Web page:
Brooklyn Heights–DUMBO–Boerum Hill–Downtown
An elderly man tried and failed to chase down the young punk who snatched his phone on a G train on March 10, cops said.
The spry victim said he was on a Church Avenue-bound G at 2:58 pm when the rascal, who seemed to be about 15 years old, grabbed his phone and darted out of the train at the Bergen Street station, authorities stated.
The 65-year-old chased the teen out of the Warren Street exit of the station, ran to Court Street and all the way down to Union Street before loosing sight of him, according to a police report.
An opportunistic thief snagged a laptop from the front office of a Dumbo tech company on March 10 while its owner used the bathroom, police said.
The employee told police she left a desk near the entrance to the office on Main Street between Front and Water streets at 12:45 pm and, upon returning from the loo 15 minutes later, found the computer was gone.
There were two separate jewelry store thefts on March 15 and 16. Here’s how they stack up.
• Cops said a burglar broke into a jewelry store on Fulton Street sometime overnight on March 15 — and stole $3,000 worth of jewelry equipment but no jewelry.
Owners said they locked up the store at 7:30 pm on March 15, and when they opened up at 10 the next morning, they found two closets broken into and the equipment missing. Police found a bent knife at the scene, and the screws removed from a latch on the back door.
• In a separate incident on March 16, police arrested a 39-year-old man at another Fulton Street jewelry store when an employee saw him shove earrings, sunglasses, and other merchandise into his coat pockets before walking out the door, according to reports.
An employee said the crook walked into the store between Albee Square and Duffield Street at 1:33 pm and started grabbing the stuff. When they tried to stop him, he threatened them with a pipe, police said.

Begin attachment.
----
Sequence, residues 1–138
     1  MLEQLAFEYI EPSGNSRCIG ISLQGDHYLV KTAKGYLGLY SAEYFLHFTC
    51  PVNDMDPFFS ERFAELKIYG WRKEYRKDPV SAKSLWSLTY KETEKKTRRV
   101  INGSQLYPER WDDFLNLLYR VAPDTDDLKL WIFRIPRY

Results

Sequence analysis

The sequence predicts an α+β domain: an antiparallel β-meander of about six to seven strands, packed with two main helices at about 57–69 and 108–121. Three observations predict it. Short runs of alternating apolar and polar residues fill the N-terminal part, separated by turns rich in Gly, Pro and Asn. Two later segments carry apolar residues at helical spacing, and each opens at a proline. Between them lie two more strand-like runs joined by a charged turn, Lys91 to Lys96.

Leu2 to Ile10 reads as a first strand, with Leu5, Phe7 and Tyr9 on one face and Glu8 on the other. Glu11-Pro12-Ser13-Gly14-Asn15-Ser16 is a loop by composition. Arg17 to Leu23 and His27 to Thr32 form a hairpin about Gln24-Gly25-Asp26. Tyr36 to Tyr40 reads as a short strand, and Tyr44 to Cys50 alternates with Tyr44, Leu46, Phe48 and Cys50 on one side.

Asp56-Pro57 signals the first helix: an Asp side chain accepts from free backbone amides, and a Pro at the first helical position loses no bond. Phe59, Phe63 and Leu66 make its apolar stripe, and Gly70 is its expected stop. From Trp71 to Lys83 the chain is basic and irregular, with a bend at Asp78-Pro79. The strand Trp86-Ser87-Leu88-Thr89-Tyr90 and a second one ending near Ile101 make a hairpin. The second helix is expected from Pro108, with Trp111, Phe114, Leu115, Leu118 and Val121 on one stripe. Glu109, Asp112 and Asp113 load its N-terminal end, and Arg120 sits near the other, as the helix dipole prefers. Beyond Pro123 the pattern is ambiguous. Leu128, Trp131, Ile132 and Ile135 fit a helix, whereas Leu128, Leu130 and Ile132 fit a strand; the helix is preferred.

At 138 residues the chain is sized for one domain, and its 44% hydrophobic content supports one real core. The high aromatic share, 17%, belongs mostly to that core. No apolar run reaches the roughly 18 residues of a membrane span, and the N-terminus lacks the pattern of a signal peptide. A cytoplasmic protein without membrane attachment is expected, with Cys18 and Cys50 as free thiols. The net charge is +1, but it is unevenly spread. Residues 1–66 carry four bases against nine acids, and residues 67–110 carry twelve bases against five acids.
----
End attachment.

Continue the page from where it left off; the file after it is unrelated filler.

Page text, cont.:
A burglar busted through a Smith Street eatery’s glass door and stole more than $5,000 from an automated teller machine sometime between March 11 and 12, cops said.
The owners of the restaurant between Warren and Wyckoff streets said the scoundrel broke through the front door and stole $5,200 between 11:40 pm on March 11 and 6 am the next day.
A crook broke into a guy’s locker while he exercised at a gym on Livingston Street on March 14, cops said.
The 45-year-old fitness buff said he went to work out at the establishment near Bond Street at 7 pm and, by the time he had finished at 8:45, someone had busted his lock and taken his wallet and watch.
A crook stuffed $1,209 worth of merchandise from a Fulton Street department store into a plastic bag before walking out the door on March 11.
The security guard at the store between Gallatin Place and Hoyt Street said the suspected shoplifter entered at 10:40 am, and left five minutes later with the goods in a bag from the same store he was ripping off.
A ruffian attacked an actress for her purse as she tried to enter a residence on State Street on March 9, cops said.
The 66-year-old thespian told cops she was climbing the stairs to the building between Court and Clinton streets at 11 pm when the villain came up from behind and pulled her back down to the sidewalk. The lout then pushed her to the ground, snatched the purse, and took off down the street, according to cops.
The bag contained keys, an appointment book, credit cards, a Screen Actors Guild union card, and $60 in cash, the lady said.
Cops said a goon snatched a man’s wallet from inside an unlocked vehicle parked on Nevins Street on March 14.
The 59-year-old owner said he parked his car between Dean and Pacific streets at 5 am, and when he returned at 5:48 pm the wallet was gone.
A would-be robber got more than he bargained for when a Henry Street woman fought him off as he tried to snatch her phone on March 13, police reported.
The lady stated that she was leaving her apartment between Joralemon and State streets at 11 pm when the marauder grabbed her arm and tried to grab her phone out of her hand. She threw him off and he ran away, according to a police report.
— Matthew Perlman